This paper presents a scenario-based approach for the evaluation of the quality attribute of performance, measured in terms of execution time (response time). The approach is implemented by a framework that uses dynamic analysis and repository mining techniques to provide an automated way for revealing potential sources of performance degradation of scenarios between releases of a software system. The approach defines four phases: (i) preparation – choosing the scenarios and preparing the target releases; (ii) dynamic analysis – determining the performance of scenarios and methods by calculating their execution time; (iii) degradation analysis – processing and comparing the results of the dynamic analysis for different releases; and (iv) repository mining – identifying development issues and commits associated with performance deviation. The paper also describes an evolutionary study of applying the approach to multiple releases of the Netty, Wicket and Jetty frameworks. The study analyzed seven releases of each system and addressed a total of 57 scenarios. Overall, we have found 14 scenarios with significant performance deviation for Netty, 13 for Wicket, and 9 for Jetty, almost all of which could be attributed to a source code change. We also discuss feedback obtained from eight developers of Netty, Wicket and Jetty as result of a questionnaire.

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Code and API Transformation

From Preprocessor-Constrained Parse Graphs to Preprocessor-Constrained Control Flow
Dierk Lüdemann and Rainer Koschke
(University of Bremen, Germany)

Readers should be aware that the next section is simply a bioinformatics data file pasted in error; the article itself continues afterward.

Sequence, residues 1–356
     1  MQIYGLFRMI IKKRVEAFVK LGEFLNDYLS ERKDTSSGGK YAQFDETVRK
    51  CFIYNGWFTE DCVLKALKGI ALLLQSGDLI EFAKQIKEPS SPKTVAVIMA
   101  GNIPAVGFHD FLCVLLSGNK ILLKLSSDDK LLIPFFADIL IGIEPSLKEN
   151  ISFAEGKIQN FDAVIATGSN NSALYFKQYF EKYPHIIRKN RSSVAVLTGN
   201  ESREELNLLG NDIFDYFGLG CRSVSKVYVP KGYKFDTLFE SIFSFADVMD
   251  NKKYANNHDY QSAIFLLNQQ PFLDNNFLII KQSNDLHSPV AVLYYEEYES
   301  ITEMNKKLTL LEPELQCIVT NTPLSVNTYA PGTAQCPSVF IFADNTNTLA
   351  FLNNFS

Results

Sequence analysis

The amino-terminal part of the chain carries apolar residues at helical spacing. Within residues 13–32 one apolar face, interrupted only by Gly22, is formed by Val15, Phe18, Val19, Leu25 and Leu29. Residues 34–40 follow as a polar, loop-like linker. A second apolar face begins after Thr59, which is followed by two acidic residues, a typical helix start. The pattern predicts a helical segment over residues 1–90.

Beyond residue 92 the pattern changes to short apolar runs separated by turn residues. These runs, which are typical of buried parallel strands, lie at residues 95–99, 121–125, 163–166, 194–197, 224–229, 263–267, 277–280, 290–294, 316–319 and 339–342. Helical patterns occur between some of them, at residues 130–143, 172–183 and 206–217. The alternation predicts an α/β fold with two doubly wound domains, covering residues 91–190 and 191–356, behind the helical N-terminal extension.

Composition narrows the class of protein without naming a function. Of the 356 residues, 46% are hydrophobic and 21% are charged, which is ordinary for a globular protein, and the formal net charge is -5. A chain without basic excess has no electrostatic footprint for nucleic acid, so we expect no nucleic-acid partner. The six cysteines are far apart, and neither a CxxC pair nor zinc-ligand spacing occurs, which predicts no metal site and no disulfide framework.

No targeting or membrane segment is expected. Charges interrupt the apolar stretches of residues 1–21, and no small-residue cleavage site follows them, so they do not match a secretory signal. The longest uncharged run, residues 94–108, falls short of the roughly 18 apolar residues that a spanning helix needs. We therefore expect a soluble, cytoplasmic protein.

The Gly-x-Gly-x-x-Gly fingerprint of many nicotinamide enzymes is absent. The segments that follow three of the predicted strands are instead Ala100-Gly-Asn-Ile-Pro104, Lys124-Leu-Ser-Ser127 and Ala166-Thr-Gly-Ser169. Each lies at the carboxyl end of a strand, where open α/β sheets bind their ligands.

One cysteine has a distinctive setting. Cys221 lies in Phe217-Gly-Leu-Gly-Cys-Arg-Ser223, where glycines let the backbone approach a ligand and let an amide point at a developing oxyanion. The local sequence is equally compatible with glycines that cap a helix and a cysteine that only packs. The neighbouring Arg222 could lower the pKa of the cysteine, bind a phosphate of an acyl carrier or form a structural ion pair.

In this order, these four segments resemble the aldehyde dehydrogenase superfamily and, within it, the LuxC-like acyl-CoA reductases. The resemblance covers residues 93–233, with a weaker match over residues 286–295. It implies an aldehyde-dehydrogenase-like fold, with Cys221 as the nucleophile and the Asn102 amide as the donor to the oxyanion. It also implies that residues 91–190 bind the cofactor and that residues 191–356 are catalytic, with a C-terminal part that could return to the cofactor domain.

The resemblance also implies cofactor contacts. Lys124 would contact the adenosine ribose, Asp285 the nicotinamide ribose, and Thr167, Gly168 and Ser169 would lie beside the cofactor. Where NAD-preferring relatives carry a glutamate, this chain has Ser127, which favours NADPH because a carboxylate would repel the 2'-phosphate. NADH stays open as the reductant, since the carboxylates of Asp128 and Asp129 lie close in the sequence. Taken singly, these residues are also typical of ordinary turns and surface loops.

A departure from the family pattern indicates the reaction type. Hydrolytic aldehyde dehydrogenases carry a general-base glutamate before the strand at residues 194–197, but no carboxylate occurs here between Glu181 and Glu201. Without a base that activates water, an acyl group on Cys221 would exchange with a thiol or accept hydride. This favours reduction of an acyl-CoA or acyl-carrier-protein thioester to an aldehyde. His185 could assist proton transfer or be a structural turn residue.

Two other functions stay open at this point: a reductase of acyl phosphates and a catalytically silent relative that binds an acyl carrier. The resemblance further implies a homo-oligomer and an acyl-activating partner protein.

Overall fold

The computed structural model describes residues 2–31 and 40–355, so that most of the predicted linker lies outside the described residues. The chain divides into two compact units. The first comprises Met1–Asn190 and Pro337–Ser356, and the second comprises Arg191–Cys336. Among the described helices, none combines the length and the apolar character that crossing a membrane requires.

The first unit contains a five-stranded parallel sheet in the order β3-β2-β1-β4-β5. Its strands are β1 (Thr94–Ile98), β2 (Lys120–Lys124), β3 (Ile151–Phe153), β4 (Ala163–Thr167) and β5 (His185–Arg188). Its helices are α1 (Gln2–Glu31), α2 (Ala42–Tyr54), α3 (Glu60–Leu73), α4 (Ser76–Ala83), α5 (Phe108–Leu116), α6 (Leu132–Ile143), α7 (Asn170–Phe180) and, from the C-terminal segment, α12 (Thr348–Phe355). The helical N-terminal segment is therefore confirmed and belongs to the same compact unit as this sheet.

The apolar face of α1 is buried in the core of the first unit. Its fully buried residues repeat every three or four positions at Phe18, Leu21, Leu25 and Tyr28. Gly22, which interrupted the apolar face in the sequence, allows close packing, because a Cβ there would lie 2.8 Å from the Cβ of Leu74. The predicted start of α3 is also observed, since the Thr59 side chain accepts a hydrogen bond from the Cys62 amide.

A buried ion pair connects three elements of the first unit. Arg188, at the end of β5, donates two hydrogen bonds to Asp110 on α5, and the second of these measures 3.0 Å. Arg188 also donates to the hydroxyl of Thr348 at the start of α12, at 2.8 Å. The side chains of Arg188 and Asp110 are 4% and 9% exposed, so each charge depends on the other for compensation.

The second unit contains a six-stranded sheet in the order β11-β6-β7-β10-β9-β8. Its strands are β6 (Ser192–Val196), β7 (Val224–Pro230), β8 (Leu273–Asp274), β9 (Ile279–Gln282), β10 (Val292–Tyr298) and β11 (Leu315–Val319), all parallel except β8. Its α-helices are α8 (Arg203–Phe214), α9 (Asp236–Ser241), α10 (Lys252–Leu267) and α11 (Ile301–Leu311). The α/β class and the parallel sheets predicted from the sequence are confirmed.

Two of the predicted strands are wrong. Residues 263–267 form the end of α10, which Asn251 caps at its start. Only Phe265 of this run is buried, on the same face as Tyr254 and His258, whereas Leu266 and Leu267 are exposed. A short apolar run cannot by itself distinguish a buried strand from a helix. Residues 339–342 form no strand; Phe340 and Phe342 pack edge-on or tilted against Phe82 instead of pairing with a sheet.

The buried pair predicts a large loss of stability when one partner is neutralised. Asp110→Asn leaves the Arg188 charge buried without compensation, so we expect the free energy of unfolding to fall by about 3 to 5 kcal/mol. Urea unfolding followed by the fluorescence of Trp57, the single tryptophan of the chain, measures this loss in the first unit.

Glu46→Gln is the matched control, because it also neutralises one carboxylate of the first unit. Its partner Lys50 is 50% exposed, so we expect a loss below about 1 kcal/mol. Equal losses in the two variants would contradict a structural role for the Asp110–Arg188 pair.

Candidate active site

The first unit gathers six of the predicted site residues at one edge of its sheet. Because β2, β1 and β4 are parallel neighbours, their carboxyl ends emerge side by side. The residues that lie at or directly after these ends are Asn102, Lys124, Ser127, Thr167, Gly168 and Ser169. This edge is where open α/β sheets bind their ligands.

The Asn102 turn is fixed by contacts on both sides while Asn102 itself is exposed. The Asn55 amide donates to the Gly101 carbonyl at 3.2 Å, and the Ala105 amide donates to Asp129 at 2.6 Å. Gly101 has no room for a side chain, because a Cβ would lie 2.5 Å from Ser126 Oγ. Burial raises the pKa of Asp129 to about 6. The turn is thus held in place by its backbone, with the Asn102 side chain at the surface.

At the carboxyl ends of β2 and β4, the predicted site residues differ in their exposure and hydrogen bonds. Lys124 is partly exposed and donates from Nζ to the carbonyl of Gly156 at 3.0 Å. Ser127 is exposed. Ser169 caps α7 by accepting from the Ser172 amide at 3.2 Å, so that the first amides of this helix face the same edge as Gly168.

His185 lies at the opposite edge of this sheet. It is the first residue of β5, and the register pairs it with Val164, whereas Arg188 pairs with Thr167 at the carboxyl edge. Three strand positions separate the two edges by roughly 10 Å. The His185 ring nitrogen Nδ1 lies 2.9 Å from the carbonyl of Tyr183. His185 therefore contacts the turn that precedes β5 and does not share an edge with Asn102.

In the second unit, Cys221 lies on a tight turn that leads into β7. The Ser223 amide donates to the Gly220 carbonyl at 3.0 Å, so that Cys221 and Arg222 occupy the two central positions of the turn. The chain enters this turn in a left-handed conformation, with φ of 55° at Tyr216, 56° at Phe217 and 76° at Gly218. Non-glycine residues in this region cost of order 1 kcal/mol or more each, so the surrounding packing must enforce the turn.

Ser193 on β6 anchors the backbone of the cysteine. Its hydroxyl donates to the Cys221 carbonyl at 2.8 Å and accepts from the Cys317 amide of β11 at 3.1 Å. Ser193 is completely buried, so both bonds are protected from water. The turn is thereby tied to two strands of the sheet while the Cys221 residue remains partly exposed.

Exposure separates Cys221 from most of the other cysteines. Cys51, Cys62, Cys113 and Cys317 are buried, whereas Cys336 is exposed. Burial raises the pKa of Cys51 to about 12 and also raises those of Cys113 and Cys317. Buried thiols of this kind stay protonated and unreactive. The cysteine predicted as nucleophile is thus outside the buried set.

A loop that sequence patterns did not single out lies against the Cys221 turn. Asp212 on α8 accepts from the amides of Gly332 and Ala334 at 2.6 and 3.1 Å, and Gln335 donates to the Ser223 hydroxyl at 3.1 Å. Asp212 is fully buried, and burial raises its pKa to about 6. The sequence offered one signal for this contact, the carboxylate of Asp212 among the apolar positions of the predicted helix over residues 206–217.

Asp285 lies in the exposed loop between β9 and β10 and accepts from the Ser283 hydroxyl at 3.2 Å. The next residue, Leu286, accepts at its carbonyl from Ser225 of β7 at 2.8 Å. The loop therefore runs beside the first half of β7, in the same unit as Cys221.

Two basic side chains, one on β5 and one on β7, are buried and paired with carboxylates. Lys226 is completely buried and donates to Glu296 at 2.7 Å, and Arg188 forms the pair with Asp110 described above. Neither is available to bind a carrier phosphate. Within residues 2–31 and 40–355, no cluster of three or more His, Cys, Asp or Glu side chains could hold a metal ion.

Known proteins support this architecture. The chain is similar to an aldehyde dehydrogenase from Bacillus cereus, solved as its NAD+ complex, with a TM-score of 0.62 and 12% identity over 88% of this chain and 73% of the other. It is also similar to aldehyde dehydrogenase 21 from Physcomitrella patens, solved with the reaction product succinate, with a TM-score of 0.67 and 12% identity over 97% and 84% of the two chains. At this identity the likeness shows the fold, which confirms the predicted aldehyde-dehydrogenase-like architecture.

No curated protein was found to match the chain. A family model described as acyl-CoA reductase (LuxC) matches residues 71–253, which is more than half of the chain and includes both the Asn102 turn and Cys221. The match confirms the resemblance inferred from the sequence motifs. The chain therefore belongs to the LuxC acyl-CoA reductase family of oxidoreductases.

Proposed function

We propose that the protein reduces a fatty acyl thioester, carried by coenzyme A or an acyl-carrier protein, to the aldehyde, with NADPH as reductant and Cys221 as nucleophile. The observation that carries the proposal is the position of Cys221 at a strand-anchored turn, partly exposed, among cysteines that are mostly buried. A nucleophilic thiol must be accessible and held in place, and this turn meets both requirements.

Preprocessor-aware static analysis tools are needed for C Code to gain sound knowledge about the interference among all conditionally compiled program parts. We provide formal descriptions and algorithms to construct a preprocessor- aware control flow graph from preprocessor-aware parse graphs of SuperC. Based on the structure of parse graphs capturing the syntax nodes constrained by preprocessor constraints, we show how to model, formalize, and compute preprocessor-aware intra-procedural control-flow graphs. Such preprocessor-aware control-flow graphs may serve as the basis for subsequent preprocessor-aware control and data flow analyses.

Article Search
Recording and Replaying System Specific, Source Code Transformations
Gustavo Santos, Anne Etien, Nicolas Anquetil, Stéphane Ducasse, and Marco Tulio Valente
(INRIA, France; University of Lille, France; Federal University of Minas Gerais, Brazil)
During its lifetime, a software system is under continuous maintenance to remain useful. Maintenance can be achieved in activities such as adding new features, fixing bugs, improving the system’s structure, or adapting to new APIs. In such cases, developers sometimes perform sequences of code changes in a systematic way. These sequences consist of small code changes (e.g., create a class, then extract a method to this class), which are applied to groups of related code entities (e.g., some of the methods of a class). This paper presents the design and proof-of-concept implementation of a tool called MacroRecorder. This tool records a sequence of code changes, then it allows the developer to generalize this sequence in order to apply it in other code locations. In this paper, we discuss MacroRecorder's approach that is independent of both development and transformation tools. The evaluation is based on previous work on repetitive code changes related to rearchitecting. MacroRecorder was able to replay 92% of the examples, which consisted in up to seven code entities modified up to 66 times. The generation of a customizable, large-scale transformation operator has the potential to efficiently assist code maintenance.